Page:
¢ KU Hospital has an annual budget of $530 million; KU Medical Center, which includes the schools of medicine, nursing and allied health, has an annual budget of $248.3 million.¢ The two entities share a three-block-long complex at 39th Street and Rainbow Boulevard in Kansas City, Kan. The complex encompasses 3.8 million square feet, of which the hospital makes up 1.1 million square feet.¢ Each year, the school of medicine supplies the hospital with about 300 residents, or young doctors who have completed medical school but pursue specialized, academic training. KUMC leaders hope to add 100 residents in the next decade. They say that KU Hospital won't experience a net loss of residents if the school succeeds with its plan to start sending some residents to St. Luke's Hospital in Kansas City, Mo.

"If you're a surgeon, the hospital bills for the surgical procedure and makes a lot of money off the work you do," Greiner said. "Everybody's kind of got a different relationship with the hospital."

Faculty concerns

Reed, the KU Hospital heart surgeon, said that one KU faculty survey found more than 80 percent of the respondents opposed an affiliation with St. Luke's.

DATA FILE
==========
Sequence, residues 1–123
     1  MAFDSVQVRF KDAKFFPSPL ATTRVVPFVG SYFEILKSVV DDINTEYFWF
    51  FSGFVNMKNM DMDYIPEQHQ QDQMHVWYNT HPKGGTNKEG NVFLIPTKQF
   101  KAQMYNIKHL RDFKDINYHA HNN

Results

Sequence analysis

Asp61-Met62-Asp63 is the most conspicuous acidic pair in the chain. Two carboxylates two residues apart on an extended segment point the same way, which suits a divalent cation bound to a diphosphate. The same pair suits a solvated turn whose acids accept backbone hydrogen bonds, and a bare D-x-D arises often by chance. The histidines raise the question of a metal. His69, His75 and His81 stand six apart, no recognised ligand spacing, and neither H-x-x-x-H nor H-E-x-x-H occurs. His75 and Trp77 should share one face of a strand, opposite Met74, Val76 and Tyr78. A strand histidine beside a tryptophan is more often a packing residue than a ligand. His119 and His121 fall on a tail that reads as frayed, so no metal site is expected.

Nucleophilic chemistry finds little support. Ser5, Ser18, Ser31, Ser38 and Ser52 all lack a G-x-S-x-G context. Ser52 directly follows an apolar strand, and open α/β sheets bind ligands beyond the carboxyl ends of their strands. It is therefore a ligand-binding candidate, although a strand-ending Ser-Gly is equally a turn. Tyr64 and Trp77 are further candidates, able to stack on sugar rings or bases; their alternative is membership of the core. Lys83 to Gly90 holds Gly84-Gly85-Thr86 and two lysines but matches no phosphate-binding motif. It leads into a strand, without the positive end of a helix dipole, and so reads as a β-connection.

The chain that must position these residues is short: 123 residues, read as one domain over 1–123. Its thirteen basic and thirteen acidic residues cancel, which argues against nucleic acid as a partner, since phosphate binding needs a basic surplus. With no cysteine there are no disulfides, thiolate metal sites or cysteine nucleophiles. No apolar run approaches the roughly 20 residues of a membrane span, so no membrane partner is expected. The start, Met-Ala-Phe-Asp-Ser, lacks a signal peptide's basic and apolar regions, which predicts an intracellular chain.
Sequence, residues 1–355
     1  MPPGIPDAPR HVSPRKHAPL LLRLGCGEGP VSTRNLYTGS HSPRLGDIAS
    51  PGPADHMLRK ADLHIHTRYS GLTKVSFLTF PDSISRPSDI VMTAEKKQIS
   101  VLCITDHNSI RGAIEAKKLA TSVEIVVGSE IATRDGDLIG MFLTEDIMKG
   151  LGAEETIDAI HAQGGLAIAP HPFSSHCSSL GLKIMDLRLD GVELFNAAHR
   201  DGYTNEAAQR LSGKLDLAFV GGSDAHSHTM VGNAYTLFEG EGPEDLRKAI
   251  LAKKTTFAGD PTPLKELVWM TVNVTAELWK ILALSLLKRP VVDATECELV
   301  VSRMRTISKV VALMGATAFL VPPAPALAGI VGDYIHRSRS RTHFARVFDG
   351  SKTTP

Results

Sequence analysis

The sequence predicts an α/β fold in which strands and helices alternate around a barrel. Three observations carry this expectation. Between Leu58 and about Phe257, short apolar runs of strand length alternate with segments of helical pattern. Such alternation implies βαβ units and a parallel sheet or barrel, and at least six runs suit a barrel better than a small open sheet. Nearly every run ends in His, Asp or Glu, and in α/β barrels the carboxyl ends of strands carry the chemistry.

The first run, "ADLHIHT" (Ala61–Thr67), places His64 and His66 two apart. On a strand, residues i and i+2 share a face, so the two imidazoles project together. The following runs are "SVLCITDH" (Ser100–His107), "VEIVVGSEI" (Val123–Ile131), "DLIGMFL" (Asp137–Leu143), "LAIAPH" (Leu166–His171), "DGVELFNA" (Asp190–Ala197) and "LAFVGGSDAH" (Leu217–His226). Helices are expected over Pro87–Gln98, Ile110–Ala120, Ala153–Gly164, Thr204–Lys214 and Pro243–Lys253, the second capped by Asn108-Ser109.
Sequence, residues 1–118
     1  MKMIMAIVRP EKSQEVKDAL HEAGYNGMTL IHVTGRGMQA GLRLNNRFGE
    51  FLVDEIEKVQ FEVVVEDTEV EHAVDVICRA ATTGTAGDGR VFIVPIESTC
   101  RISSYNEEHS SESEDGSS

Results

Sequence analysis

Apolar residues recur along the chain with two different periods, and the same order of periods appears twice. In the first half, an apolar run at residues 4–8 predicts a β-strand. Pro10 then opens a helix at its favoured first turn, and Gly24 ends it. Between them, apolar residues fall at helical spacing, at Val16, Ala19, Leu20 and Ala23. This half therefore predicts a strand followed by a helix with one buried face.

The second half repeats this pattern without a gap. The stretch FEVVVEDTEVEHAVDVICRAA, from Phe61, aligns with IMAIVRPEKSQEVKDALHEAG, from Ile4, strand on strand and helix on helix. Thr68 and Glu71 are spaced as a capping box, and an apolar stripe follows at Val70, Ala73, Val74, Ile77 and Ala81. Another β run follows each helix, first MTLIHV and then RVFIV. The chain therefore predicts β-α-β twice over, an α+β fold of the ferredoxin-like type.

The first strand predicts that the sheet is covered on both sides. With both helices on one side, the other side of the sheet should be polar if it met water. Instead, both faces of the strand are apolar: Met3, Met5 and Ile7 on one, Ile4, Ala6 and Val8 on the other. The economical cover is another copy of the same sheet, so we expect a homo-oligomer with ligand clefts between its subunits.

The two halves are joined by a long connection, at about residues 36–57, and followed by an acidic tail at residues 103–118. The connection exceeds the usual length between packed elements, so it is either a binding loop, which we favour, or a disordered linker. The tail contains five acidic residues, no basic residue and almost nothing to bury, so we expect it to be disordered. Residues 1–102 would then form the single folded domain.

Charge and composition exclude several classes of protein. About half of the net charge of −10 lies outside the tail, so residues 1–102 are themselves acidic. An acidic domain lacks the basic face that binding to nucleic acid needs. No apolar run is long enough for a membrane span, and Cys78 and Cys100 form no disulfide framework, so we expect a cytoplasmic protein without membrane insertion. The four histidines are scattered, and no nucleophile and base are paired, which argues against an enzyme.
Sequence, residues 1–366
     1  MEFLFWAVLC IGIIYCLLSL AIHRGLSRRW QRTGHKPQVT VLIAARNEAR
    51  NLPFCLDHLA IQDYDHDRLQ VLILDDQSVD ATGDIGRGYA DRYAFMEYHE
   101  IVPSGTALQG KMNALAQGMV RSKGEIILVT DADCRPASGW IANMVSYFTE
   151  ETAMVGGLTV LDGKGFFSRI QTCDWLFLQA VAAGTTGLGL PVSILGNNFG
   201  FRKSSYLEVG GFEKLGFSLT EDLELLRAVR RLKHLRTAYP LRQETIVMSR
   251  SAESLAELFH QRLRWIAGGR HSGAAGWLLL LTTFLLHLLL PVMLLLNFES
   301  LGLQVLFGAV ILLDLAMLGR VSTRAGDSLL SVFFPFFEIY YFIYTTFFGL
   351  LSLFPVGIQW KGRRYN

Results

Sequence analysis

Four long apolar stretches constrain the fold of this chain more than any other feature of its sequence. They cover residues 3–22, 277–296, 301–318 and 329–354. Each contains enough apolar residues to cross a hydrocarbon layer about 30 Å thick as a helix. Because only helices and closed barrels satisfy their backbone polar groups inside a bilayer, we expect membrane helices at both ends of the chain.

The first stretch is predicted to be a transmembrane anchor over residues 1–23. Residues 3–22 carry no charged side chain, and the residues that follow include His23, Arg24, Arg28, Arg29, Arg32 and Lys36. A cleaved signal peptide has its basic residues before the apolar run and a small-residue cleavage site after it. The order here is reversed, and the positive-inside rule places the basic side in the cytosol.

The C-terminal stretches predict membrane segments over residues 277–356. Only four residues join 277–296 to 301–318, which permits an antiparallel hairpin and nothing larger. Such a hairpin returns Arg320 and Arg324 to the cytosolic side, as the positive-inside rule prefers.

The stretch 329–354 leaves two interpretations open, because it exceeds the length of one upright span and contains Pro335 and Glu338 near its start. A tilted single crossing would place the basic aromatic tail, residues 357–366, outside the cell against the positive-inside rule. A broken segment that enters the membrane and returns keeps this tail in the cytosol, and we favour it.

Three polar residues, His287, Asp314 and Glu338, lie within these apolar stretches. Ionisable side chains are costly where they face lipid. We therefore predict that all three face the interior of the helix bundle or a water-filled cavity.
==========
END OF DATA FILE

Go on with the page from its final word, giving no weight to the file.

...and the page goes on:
But Yarbrough, KUMC professor, says many faculty don't feel free to speak their minds for fear of reprisal, such as losing an appointed leadership position. He's about to retire at the end of the year and already has gone to half-time.

"There's nothing they can do to me," he said. "I can say what I truly believe, and I don't give a damn."

He said he worries that hospital CEO Cumming may be forced out - that Gov. Kathleen Sebelius may pack the hospital's board to get rid of her.

"I hope I'm wrong," he said. "She's been a fantastic leader, as far as I'm concerned."

For Reed, the affiliation brings the specter of unfair competition. He said higher pay and other perks at St. Luke's may prove an irresistible draw for many of the medical school's top faculty.

"Let's say Lawrence High is going to go play the Jayhawks," he said. "And we're Lawrence High."


Godot 11 years, 1 month ago

The legislature needs to step in here. No administrator should have the power to make decisions of this magnitude without oversight.

budwhysir 11 years, 1 month ago

Ah the good old triangle effect. No decision can ever be made in a meeting that is held in a triangle. This means an unequal outcome everytime